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Guido Imbens on the response to LATE 

Summary:
.[embedded content] Many economists — yours truly included — are highly sceptical of the ability of mainstream economics to deliver useful models. Some of us even question the ‘modern’ insistence on modelling — “if it’s not in a model, it’s not economics.” Even if we accept the limitation of only being able to say something about (some kind of) average treatment effects when using instrumental-variables designs, a significant and major problem is that researchers who use these randomization-based research strategies often set up problem formulations that are not at all the ones we really want answers to, in order to achieve ‘exact’ and ‘precise’ results. Design becomes the main thing, and as long as one can get more or less clever experiments in place, they believe they can

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Many economists — yours truly included — are highly sceptical of the ability of mainstream economics to deliver useful models. Some of us even question the ‘modern’ insistence on modelling — “if it’s not in a model, it’s not economics.”

Even if we accept the limitation of only being able to say something about (some kind of) average treatment effects when using instrumental-variables designs, a significant and major problem is that researchers who use these randomization-based research strategies often set up problem formulations that are not at all the ones we really want answers to, in order to achieve ‘exact’ and ‘precise’ results. Design becomes the main thing, and as long as one can get more or less clever experiments in place, they believe they can draw far-reaching conclusions about both causality and the ability to generalize experimental outcomes to larger populations. Unfortunately, this often means that this type of research has a negative bias away from interesting and important problems towards prioritizing method selection. Design and research planning are important, but the credibility of research ultimately lies in being able to provide answers to relevant questions that both citizens and researchers want answers to. Focusing on finding narrow LATE results threatens to lead research away from the really important research questions we as social scientists want to answer.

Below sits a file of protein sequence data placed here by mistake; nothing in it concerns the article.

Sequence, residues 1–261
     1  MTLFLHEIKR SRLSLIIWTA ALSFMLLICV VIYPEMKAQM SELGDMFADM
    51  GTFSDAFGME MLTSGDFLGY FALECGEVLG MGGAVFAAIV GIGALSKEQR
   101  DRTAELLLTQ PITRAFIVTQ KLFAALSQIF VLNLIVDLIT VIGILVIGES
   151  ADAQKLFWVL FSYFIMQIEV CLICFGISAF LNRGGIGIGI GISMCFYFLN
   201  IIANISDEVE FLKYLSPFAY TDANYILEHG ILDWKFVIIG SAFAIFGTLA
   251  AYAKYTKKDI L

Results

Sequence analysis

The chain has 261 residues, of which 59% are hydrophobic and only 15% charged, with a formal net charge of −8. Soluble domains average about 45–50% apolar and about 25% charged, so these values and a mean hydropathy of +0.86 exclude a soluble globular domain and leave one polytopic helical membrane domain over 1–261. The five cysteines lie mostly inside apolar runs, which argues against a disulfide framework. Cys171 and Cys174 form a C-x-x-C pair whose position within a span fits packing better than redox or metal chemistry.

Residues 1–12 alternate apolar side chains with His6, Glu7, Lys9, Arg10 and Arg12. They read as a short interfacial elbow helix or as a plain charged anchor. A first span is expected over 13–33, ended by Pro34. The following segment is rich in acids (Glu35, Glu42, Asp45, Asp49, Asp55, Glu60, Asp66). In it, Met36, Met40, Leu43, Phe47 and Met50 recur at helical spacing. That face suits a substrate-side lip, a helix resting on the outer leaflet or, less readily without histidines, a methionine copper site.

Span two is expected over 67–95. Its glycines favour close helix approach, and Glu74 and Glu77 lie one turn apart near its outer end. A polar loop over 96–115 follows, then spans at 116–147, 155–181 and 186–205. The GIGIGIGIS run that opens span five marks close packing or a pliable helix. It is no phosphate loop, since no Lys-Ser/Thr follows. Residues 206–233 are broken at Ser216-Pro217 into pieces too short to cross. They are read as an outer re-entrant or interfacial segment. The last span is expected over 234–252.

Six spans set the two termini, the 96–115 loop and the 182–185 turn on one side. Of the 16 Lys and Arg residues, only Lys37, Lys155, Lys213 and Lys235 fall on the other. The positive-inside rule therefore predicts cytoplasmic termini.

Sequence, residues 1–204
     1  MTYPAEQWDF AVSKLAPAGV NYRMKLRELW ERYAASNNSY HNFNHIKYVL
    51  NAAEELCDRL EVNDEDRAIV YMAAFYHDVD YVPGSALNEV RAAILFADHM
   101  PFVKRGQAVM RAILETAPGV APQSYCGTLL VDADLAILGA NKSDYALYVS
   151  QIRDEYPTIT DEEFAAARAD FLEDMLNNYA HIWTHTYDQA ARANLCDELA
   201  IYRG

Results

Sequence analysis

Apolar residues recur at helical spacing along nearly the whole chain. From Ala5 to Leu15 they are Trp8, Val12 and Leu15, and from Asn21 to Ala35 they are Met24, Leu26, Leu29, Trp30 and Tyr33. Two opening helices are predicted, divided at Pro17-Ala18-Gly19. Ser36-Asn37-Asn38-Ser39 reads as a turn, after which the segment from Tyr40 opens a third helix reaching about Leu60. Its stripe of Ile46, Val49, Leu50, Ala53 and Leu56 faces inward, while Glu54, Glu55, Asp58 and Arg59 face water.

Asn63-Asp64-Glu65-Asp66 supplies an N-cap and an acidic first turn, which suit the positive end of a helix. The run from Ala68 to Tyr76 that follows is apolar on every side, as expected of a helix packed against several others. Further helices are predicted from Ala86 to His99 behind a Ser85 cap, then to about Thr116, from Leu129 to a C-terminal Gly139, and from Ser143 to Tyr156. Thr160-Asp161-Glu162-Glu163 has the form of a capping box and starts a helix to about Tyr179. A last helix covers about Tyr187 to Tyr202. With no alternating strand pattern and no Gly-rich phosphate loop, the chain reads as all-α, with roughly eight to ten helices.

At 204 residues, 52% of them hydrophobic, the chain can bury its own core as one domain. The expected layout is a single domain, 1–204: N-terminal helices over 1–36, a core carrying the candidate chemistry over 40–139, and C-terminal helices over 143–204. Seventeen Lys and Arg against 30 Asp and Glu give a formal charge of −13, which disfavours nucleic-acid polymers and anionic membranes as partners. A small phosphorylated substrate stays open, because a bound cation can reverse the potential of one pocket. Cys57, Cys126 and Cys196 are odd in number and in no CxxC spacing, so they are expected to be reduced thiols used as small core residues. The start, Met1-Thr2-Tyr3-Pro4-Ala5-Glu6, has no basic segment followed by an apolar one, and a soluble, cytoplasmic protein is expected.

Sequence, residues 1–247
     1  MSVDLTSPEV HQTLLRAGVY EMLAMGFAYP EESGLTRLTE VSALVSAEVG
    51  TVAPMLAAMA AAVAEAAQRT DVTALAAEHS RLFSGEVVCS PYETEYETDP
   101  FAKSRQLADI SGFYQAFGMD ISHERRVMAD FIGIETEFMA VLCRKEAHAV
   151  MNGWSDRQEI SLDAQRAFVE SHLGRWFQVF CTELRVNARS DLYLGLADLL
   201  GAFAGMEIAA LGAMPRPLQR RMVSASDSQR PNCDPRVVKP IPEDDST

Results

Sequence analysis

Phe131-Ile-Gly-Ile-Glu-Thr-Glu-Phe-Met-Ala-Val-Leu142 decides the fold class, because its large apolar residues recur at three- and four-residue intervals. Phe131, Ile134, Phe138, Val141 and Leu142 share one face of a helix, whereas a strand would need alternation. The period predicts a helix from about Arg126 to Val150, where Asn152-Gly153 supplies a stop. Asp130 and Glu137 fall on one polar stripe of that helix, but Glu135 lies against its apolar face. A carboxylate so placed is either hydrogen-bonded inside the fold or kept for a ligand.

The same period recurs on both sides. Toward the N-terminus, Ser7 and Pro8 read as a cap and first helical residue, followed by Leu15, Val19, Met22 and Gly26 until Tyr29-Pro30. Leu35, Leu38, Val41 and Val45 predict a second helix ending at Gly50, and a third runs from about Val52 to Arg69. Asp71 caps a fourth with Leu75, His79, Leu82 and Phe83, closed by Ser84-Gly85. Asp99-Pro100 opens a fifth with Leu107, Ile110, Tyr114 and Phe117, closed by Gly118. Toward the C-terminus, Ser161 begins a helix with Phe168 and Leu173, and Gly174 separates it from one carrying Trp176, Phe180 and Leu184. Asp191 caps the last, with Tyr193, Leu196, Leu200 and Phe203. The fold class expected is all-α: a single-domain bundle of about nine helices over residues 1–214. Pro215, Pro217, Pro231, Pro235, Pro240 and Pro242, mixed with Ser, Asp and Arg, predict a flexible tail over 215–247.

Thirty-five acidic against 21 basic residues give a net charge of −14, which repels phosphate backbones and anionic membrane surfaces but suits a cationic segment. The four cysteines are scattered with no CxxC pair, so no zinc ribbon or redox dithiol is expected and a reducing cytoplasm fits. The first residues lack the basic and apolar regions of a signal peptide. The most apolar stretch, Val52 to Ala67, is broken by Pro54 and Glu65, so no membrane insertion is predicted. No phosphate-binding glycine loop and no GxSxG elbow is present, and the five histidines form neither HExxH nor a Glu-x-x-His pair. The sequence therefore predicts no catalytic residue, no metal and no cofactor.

Believing there is only one really good evidence-based method on the market — and that randomization is the only way to achieve scientific validity — blinds people to searching for and using other methods that in many contexts are better. Insisting on using only one tool often means using the wrong tool.

Lars Pålsson Syll
Professor at Malmö University. Primary research interest - the philosophy, history and methodology of economics.

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